Unique Gift Giving Traditions from Around the World
Whether for a special holiday, as a token of gratitude or just a way of letting someone know you care, gift giving is a universal custom. Though the intent may be similar from place to place, traditions vary widely from one country to the next. A gesture that conveys respect in one place might be considered offensive somewhere else. Take a look at our list of unique gifting traditions from around the world.
In Europe, don’t accidentally cut yourself out of someone’s life.
Here in the U.S., a set of kitchen knives seems like the perfect gift idea for a wedding or holiday. However, in certain European countries like Germany, superstition dictates that a knife presented as a gift will sever your friendship. There is a way to beat this superstition: Tie a penny to the knife or gift box. The receiver then returns the penny to you as a “payment” to nullify the bad luck.
In Britain, diamonds are 60th wedding anniversary gifts.
Lottery tickets are bought and exchanged here more than they are anywhere else in the world, and often make a suitable birthday gift. Though diamonds originally symbolised 75 years of married life in the UK, they are now associated with 60, as Victoria’s 60 years on the throne marked her Jubilee.
At an Italian wedding, buy yourself a piece of the tie.
There’s a well-known Italian wedding tradition where the groom’s tie is cut into a number of tiny pieces. Wedding guests can then “buy” these tie slices in exchange for cash. It’s a fun way to give money to the bride and groom that leaves guests with a wedding souvenir. In addition to a visit from Santa, Italian kids have their stockings filled by a fallacious witch at the end of Epiphany on January 6. Interestingly, gifts are not exchanged between or within companies, as the act is deemed a little tacky.
In Russia, Vodka is not a desirable gift.
Due to the way Russia was governed during the Soviet era, Russians celebrate New Year with more gusto than they do at Christmas. While Vodka might seem the most suitable gift for a Russian, a lot of them would see it as an unimaginative gesture. Many even perceive the notion as insulting.
In Israel, nobody’s giving or receiving gifts.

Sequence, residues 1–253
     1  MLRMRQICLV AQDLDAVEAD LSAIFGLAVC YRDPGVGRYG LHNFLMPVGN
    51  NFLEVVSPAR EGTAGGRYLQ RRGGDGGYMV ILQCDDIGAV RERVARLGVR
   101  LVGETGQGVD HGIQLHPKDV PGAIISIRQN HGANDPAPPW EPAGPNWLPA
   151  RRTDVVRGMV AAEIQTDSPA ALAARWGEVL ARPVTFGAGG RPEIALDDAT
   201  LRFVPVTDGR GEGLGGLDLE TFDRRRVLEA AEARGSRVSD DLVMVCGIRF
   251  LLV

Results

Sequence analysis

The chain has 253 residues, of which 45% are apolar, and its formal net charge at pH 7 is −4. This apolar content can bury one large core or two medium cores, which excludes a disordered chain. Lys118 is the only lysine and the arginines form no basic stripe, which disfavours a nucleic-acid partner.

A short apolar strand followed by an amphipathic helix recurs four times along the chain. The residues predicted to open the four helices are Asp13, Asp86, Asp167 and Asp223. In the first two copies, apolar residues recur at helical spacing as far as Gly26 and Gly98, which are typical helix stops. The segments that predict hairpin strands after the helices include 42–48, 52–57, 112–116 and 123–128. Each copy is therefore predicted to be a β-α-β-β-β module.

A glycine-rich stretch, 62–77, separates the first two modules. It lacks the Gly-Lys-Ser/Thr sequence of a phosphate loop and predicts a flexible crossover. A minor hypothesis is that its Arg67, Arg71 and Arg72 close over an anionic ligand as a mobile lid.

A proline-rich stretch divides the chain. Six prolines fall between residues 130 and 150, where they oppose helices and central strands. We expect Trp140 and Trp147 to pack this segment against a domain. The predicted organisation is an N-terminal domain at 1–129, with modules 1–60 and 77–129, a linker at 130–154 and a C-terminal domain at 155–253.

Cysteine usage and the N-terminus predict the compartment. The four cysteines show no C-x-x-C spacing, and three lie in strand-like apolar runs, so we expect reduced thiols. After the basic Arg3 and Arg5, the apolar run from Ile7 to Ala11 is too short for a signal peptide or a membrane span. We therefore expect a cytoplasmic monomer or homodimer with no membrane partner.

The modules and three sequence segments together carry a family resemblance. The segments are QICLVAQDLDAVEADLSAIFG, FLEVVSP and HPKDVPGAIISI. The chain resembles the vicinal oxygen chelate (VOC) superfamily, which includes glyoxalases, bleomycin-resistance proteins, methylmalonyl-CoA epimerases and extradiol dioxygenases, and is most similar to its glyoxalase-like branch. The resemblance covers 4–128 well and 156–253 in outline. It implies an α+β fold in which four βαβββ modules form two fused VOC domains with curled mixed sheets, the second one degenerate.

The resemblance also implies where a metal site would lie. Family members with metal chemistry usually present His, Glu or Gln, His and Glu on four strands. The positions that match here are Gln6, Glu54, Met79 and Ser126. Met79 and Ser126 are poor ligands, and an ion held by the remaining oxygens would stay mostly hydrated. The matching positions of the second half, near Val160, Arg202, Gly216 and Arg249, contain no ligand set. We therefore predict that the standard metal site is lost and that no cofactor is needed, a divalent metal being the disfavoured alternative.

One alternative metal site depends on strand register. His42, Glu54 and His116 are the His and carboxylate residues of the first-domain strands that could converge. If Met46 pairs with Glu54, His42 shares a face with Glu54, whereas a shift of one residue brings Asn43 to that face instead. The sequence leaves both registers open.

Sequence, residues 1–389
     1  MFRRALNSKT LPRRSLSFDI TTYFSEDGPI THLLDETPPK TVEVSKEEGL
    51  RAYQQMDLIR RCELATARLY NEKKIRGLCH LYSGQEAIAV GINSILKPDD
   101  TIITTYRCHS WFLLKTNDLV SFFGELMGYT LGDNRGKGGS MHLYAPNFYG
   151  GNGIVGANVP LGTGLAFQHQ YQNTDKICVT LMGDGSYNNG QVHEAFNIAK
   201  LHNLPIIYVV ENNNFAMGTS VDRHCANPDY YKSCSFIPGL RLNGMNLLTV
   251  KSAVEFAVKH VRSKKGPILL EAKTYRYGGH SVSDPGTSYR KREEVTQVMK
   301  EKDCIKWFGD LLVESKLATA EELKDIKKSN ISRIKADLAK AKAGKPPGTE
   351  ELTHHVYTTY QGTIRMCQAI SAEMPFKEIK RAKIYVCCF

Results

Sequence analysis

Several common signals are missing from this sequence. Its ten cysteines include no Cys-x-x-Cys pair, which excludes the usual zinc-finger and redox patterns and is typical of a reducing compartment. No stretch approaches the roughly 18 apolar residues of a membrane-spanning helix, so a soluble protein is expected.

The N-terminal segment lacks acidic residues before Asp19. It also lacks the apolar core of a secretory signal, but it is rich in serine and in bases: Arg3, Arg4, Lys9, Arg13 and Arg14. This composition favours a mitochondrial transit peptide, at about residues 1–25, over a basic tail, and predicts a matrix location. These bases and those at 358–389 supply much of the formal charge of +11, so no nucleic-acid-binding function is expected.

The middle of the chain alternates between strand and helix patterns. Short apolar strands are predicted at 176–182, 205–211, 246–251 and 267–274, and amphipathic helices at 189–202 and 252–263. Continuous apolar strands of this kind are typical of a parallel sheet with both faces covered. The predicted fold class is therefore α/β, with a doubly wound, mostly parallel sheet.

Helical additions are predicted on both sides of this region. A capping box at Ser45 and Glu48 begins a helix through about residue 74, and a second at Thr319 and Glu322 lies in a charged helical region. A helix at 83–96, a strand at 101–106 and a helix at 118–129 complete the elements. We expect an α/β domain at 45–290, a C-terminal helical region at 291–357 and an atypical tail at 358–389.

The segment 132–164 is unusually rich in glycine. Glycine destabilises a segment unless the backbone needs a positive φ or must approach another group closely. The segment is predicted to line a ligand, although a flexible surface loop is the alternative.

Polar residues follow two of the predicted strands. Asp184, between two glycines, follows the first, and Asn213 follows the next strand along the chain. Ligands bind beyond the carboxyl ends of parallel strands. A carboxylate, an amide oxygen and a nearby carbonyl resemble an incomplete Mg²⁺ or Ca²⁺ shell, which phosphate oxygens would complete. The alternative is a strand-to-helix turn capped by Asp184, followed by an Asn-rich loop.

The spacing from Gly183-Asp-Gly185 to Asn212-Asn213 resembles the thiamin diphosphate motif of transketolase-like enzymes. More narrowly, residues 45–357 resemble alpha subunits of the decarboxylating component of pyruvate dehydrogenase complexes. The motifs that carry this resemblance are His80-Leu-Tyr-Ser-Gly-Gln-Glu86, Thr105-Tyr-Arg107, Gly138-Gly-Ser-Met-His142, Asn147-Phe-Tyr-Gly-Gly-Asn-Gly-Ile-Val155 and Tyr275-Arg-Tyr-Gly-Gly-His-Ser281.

Despite the kind gesture, thank you cards and notes are not a common part of the gifting custom in Israel. Contrary to the way American Jews exchange gifts during Hanukkah, those from or residing in Israel won’t typically receive gifts from one another.
In Native America, your host gives gifts rather than receive them.
Native American gifting etiquette is exactly the opposite to that of any other culture. Traditionally during weddings and powwow celebrations (birthdays aren’t always recognised), guests are the receivers of gifts rather than whomever the host may be.
In Japan, presentation is paramount.
The Japanese place a great emphasis on the act of gift giving (it’s not unheard of to send a thank-you gift for a thank-you gift), and presentation plays a big role in determining how your gift is received. For example, it’s considered distasteful to hand off uncovered cash. So whether you’re sending money as a gift or just leaving a tip, place your money in an envelope to ensure it’s received in a respectful manner. It’s also customary to place a tight decorative knot on a wedding gift envelope, since folklore dictates that the envelope should be “impossible to open.”
In China, red envelopes and even denominations bring good luck.
Chinese New Year has a rich set of traditions. One of the most popular customs of this holiday is giving out money in red envelopes. Known as “yasuiqian” which means “the money used to suppress the evil spirit,” these gifts are meant to bring good luck. In addition to how you give money, there’s also superstition around the amount you give. Gifting an odd numbered amount of money is associated with the “baijin,” gifts given during funerals, and is considered bad luck. It’s important to make sure that even the first digit is even, as numbers like 30 and 50 are considered odd.
In India, gifts are given with the right hand.
As left hands are considered unclean in Indian culture, gestures such as touching, passing money, or giving gifts are to be done with the right hand. Contrary to some other cultures, an odd number of objects or currency denotes good luck. For example, £11 should be given as opposed to £10.
In South America, sharp objects are unlucky.
The majority of people from South American countries will see the offering of sharp objects as a sign that you want the relationship with them severed, so scissors and cooking knives are best avoided. On the eve of January 6 at the end of the Christmas period, Argentinian children will customarily leave their shoes by their beds to be filled with small gifts. Meanwhile in Brazil, seaside settlements will send gifts of f lowers, fruits or jewellery out to sea to honour the Goddess of Water.
In Trinidad and Tobago, nobody’s too young for a gift.
In Trinidad & Tobago, it’s customary to celebrate the birth of a newborn baby by placing money in its hand. This gesture conveys best wishes for the child’s healthy and prosperous upbringing.
In Zimbabwe, a dance can speak a thousand words.
In Zimbabwe, it is not uncommon to be directly asked for a gift. When one has been bought even without requesting it, the worst you can do is to refuse the offering, even if the family giving is starving. Also, gestures of thanks are preferred over verbal reciprocation. These may include jumping up and down, dancing, or whistling.